But though opposition to vaccines and 1080 are important planks in the NZ Advance Party platform its over-riding issue is the party’s opposition to Covid-19 lockdowns.
“If we continue down the same path that both Labour and National will take this country down, we will see more lockdowns because they believe in lockdowns at any cost,” said Jamie-Lee Ross.
“We will see more devastation to our economy.
“We will see the borders closed for years and years.
“And the only way they’ll open the borders a is if they can implement a vaccine and the only way they will get high uptake of that vaccine is if they pass oppressive laws which require people either to be discriminated against on the basis of the vaccine or they’ve actually given themselves the power to go the whole hog and do some pretty devastating things if they want to.”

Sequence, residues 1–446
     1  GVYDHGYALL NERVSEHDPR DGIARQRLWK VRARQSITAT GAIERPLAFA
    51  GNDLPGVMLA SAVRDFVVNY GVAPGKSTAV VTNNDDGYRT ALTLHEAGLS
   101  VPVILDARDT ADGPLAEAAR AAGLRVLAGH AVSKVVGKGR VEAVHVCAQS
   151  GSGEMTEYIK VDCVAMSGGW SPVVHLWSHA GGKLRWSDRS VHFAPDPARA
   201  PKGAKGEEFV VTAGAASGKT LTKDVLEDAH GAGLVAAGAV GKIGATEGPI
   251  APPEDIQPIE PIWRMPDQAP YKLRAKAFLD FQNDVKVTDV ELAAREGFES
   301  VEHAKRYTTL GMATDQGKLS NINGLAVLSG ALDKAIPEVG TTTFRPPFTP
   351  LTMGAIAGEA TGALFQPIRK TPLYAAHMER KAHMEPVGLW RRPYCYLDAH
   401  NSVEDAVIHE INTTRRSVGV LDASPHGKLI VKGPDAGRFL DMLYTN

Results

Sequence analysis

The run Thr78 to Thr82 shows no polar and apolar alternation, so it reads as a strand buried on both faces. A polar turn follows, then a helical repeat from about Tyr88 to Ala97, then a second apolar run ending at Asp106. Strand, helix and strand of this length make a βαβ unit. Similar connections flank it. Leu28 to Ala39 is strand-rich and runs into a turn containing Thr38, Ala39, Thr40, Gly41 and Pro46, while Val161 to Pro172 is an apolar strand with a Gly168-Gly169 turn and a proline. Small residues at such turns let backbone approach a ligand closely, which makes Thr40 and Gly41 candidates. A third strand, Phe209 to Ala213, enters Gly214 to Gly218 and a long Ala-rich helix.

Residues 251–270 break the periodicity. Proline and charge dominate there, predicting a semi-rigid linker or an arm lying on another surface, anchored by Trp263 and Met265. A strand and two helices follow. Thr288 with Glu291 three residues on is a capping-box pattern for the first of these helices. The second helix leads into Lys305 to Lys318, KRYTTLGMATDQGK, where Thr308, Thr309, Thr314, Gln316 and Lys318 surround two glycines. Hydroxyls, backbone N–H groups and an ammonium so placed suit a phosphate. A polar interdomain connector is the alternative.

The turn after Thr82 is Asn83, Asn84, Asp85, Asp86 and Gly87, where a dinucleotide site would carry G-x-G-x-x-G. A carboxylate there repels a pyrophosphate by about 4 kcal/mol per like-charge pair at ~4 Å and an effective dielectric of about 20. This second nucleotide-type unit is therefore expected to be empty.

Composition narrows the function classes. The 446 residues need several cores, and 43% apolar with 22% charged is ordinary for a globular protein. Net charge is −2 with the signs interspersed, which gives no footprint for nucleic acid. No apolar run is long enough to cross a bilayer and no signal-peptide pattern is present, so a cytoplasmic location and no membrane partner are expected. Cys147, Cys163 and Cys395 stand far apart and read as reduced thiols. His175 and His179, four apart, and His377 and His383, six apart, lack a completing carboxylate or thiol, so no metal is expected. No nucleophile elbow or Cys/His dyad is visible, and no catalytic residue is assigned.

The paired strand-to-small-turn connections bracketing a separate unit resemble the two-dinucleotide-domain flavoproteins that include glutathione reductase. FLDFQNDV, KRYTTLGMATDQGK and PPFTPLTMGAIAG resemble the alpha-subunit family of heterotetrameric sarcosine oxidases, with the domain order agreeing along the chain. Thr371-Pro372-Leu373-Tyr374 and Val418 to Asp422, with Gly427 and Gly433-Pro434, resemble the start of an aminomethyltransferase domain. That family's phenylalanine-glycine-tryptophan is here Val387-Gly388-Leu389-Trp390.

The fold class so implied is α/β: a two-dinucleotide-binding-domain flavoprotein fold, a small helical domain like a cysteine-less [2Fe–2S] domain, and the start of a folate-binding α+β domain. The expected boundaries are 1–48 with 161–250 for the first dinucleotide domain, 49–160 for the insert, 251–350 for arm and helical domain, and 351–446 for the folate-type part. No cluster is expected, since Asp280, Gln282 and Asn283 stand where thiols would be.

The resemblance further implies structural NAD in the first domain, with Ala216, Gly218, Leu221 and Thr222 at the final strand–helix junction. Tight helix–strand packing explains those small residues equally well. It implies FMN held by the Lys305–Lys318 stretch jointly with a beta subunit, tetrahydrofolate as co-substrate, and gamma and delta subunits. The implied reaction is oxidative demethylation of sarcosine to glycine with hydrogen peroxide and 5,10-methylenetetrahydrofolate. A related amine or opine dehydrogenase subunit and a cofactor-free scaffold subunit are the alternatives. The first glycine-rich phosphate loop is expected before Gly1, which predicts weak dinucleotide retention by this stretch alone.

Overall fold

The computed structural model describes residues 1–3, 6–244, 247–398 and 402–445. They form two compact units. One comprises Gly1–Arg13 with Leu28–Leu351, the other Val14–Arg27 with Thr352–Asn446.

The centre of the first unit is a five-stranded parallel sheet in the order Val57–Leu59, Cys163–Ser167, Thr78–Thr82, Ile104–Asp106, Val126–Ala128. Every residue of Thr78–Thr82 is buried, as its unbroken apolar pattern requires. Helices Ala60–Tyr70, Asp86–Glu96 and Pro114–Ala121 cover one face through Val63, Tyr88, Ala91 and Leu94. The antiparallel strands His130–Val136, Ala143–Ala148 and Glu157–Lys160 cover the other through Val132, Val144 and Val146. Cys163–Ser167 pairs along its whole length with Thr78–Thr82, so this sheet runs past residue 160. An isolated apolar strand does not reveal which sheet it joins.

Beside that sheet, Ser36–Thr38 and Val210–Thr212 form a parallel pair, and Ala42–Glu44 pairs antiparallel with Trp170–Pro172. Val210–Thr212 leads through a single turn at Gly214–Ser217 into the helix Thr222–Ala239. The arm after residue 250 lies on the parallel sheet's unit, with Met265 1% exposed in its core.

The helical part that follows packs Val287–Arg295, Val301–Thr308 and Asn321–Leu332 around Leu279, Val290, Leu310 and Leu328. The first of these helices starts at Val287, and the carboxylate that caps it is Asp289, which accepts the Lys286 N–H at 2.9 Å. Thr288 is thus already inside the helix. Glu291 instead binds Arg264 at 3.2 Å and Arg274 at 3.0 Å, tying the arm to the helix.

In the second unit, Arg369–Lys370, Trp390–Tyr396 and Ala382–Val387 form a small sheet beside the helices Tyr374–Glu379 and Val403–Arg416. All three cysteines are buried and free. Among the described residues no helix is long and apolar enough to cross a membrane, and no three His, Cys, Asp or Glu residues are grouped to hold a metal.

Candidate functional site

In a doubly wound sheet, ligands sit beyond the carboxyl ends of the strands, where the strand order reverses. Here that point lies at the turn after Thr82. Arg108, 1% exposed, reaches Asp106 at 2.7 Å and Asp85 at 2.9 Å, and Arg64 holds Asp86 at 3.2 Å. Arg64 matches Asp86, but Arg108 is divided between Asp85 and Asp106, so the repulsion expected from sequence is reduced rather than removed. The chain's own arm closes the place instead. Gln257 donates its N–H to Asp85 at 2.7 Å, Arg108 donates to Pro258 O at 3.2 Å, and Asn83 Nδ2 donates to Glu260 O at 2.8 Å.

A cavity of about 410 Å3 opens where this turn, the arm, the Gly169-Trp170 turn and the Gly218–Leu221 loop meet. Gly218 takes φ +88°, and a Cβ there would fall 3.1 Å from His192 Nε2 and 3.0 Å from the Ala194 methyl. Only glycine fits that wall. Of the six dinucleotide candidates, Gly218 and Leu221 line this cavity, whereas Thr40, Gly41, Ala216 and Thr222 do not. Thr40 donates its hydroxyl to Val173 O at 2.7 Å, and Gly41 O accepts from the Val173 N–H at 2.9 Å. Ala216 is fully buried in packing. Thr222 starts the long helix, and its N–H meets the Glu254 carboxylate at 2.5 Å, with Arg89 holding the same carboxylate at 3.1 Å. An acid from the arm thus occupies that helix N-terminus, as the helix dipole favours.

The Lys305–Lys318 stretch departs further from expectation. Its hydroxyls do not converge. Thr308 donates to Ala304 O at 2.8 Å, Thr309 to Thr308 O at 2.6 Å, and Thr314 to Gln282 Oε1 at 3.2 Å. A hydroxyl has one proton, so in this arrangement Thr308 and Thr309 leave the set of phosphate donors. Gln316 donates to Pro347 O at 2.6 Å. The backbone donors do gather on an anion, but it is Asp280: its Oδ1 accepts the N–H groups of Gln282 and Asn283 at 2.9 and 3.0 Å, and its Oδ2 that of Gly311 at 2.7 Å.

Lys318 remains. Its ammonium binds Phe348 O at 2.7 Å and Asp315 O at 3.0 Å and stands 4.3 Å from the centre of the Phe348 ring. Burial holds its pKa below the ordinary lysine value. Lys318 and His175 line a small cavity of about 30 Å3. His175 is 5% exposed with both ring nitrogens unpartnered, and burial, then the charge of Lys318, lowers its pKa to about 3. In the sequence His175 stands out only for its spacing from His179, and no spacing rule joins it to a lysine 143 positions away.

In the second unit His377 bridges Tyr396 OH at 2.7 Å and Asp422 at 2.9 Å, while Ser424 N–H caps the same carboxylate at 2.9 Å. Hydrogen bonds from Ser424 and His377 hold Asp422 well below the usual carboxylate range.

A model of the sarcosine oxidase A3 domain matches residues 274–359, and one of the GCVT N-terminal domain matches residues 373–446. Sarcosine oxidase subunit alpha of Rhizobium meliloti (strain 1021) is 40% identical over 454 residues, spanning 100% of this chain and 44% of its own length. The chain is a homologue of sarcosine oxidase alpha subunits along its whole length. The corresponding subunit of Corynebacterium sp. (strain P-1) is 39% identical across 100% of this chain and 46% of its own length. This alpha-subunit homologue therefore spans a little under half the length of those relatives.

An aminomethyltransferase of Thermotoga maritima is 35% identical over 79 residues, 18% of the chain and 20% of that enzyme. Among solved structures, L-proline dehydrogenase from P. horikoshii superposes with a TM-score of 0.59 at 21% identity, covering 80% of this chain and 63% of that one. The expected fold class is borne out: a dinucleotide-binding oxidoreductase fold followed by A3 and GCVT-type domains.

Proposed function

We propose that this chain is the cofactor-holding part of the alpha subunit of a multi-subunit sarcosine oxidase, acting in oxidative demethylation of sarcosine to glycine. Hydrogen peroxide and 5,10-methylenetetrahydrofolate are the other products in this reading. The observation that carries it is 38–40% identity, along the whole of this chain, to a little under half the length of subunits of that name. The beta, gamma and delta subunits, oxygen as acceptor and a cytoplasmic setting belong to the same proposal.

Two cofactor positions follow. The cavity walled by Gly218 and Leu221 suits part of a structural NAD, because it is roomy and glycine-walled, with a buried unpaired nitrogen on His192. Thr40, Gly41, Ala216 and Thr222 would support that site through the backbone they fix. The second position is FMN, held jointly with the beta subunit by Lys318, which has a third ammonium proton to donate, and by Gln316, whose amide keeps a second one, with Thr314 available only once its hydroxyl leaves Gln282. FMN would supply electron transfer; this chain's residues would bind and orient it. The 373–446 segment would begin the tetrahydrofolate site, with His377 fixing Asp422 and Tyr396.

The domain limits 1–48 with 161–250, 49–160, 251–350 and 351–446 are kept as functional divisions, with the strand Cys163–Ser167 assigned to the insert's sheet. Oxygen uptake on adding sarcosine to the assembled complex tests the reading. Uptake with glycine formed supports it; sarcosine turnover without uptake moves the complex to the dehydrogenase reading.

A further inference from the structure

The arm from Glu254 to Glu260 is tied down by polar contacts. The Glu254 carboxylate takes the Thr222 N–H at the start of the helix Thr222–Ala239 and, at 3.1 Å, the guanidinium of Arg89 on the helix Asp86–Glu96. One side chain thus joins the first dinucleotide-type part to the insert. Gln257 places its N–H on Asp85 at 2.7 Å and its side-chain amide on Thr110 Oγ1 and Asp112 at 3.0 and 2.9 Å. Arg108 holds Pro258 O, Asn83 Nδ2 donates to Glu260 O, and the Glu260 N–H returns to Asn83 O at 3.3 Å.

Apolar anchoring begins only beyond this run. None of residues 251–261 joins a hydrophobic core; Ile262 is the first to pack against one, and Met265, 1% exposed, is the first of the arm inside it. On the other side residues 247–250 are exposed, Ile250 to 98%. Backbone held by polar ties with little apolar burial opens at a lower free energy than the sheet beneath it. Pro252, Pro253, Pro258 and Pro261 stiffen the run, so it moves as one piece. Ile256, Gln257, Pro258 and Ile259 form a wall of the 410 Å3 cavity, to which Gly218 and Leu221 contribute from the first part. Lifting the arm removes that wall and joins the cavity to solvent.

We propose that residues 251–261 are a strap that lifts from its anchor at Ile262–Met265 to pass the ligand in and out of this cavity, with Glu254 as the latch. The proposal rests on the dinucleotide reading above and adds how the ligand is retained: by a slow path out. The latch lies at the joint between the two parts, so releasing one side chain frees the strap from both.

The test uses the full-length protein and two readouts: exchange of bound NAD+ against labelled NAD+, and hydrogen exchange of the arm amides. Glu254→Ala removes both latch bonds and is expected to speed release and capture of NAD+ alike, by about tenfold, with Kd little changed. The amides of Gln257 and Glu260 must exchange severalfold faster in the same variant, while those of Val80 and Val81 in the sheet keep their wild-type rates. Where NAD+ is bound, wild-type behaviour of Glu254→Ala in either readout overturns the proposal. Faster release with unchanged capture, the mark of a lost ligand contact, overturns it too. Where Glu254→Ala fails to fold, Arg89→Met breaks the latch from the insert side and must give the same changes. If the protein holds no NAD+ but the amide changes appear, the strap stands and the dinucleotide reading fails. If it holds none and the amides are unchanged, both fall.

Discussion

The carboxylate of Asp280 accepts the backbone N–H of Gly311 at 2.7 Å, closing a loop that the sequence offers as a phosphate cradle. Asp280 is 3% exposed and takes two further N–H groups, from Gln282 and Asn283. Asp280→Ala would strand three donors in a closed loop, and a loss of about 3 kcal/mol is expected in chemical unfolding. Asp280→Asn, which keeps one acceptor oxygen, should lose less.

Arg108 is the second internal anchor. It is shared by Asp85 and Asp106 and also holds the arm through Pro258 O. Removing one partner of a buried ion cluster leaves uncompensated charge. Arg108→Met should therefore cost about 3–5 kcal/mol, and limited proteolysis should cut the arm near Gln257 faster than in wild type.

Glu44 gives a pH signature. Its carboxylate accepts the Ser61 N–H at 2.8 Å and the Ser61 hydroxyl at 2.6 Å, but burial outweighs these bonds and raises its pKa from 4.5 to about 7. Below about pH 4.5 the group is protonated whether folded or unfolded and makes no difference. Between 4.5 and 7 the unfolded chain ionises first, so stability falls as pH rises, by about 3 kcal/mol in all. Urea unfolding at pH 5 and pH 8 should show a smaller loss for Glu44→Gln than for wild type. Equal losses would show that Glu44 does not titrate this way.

Te Kahika told the audience that the lethality of Covid-19 was the same as the winter flu.
He quoted the Swedish epidemiologist Johan Giesecke who has said lockdowns don’t work.
(Giesecke is not, as Te Kahika claims, the chief advisor to the Director-General of the WHO but a member of a 13-person WHO technical advisory committee.)
“But isn’t it amazing, though, the Swedish epidemiologist is now the star of the WHO, and he has said right up front that what Britain was doing, what the US was doing, what Australia was doing, it’s all overblown,” said Te Kahika.
“Our Government has got it fatally wrong.
“And I think it’s costing lives.